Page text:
“We had accidents, we had injuries, we got a little glimpse of what would happen if the state begins to control what happens in respect to immigration,” Samaniego said.

The Texas immigration law’s impact

The impact extends far beyond the Texas border. Republican legislators wrote the law so that it applies in all of the state’s 254 counties, although Steve McCraw, the director of the Texas Department of Public Safety, has said he expects it will mostly be enforced near the border.

Other GOP-states far from the border are also already looking to follow Texas’ path. In Iowa, the state House gave final approval to a bill that would give its state law enforcement power to arrest people who are in the U.S. illegally and have previously been denied entry into the country.

It now goes to Republican Gov. Kim Reynolds. If signed, it would take effect in July.

“The federal government has abdicated its responsibilities. States can and must act,” said Rep. Steven Holt, a Republican from Denison.

Skylor Hearn, executive director of the Sheriffs’ Association of Texas, said sheriffs’ offices have been training since last year.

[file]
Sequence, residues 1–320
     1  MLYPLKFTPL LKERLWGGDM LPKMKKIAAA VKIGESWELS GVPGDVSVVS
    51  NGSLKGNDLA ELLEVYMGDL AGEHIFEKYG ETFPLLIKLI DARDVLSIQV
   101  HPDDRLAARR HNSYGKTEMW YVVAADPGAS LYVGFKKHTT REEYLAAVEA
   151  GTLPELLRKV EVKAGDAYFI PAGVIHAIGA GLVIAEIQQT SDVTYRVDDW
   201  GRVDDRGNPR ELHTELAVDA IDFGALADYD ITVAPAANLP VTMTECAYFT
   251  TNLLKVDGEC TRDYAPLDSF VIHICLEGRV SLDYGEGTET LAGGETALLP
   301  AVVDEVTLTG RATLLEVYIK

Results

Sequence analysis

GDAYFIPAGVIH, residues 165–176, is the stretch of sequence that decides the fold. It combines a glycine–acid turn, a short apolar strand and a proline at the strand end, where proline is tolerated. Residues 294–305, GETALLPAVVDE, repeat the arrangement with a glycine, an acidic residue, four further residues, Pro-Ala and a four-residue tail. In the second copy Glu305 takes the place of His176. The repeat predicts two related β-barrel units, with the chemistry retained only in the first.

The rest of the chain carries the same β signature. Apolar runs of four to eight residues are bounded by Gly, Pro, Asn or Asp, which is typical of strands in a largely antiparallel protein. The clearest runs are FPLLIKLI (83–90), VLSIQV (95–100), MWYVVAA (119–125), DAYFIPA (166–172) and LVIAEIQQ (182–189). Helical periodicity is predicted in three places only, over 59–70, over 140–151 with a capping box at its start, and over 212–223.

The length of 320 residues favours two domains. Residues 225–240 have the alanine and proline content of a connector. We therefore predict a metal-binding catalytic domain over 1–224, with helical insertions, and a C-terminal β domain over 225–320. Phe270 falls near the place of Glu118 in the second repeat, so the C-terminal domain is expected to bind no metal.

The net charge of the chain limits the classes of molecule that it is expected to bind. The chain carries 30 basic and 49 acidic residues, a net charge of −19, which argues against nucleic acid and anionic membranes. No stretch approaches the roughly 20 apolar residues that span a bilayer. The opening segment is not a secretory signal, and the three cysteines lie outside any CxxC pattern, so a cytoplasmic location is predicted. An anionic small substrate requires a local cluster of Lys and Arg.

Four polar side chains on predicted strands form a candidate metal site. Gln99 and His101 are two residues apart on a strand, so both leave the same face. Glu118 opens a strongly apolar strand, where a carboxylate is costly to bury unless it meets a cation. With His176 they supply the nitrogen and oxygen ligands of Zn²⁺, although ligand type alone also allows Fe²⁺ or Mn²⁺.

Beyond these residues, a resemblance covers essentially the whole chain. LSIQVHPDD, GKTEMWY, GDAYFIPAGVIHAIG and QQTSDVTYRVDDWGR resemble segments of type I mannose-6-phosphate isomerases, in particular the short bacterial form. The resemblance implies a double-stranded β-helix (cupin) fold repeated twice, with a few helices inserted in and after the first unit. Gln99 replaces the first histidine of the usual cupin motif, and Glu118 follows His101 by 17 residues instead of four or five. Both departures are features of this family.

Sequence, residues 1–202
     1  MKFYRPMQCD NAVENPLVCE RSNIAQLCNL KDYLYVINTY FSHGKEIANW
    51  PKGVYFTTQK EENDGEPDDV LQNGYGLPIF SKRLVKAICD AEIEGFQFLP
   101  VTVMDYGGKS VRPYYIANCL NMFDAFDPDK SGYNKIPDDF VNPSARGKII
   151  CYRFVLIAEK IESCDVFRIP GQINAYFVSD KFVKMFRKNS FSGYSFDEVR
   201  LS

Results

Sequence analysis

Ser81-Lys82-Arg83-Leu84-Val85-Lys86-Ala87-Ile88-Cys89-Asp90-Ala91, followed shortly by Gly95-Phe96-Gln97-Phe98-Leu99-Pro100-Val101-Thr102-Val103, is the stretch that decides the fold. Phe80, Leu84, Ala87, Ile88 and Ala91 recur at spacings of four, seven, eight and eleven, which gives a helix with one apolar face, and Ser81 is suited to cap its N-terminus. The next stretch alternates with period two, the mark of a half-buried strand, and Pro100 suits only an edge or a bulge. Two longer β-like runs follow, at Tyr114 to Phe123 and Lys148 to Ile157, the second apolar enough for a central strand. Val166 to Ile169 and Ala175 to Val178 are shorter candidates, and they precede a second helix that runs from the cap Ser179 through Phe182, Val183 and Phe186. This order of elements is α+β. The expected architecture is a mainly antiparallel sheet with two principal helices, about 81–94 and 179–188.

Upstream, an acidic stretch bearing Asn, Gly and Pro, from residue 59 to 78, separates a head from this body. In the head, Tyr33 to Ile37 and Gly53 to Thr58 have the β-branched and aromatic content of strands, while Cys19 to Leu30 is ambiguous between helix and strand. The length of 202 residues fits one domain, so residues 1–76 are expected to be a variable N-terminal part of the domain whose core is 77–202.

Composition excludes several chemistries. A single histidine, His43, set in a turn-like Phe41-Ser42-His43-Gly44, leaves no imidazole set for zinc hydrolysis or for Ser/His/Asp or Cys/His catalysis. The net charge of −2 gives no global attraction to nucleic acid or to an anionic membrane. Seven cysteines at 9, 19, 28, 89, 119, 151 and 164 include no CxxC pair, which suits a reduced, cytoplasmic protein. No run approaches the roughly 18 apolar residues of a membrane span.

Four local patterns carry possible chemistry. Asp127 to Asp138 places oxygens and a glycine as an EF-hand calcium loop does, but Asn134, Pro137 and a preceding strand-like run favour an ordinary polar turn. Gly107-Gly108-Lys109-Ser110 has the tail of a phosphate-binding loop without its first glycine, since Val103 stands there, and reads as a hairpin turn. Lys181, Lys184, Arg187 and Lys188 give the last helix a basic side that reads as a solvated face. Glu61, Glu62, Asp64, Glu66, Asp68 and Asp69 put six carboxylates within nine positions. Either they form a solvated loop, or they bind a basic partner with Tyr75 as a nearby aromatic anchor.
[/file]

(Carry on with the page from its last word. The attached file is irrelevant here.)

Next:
“If a county chooses to take it on themselves, they are choosing for their taxpayers to take it on themselves as well,” Hearn said. “As long as the federal government is willing to do its part that it is supposed to be doing, it is ideal for them to take possession and custody of these people.”

Action at the border after the decisions

There was no immediate rush on the border. There was no word of arrests. But news of the Texas immigration ruling spread rapidly and triggered alarm among migrant advocates.

“Terrible, late-breaking news, my friends!” Carlos Eduardo Espina said on his TikTok account. The account has more than 8 million followers. Many of them are migrants in transit. He said the law would sow confusion and promised “know-your-rights” instructions on how to respond to police questioning.

Daniel Morales, an associate professor of law at the University of Houston Law Center, said the Texas immigration law “will be a mess, very clearly, to enforce.”

“It’s very clear that Greg Abbott wants to enforce the law so he can get lots of photo ops and opportunities. But it’s gonna take a lot of state resources to implement. And I don’t know, in fact, how much appetite and capacity for that the state government actually has,” Morales said. Texas will find enforcement is “difficult and taxing,” he said.

Number of arrests has fallen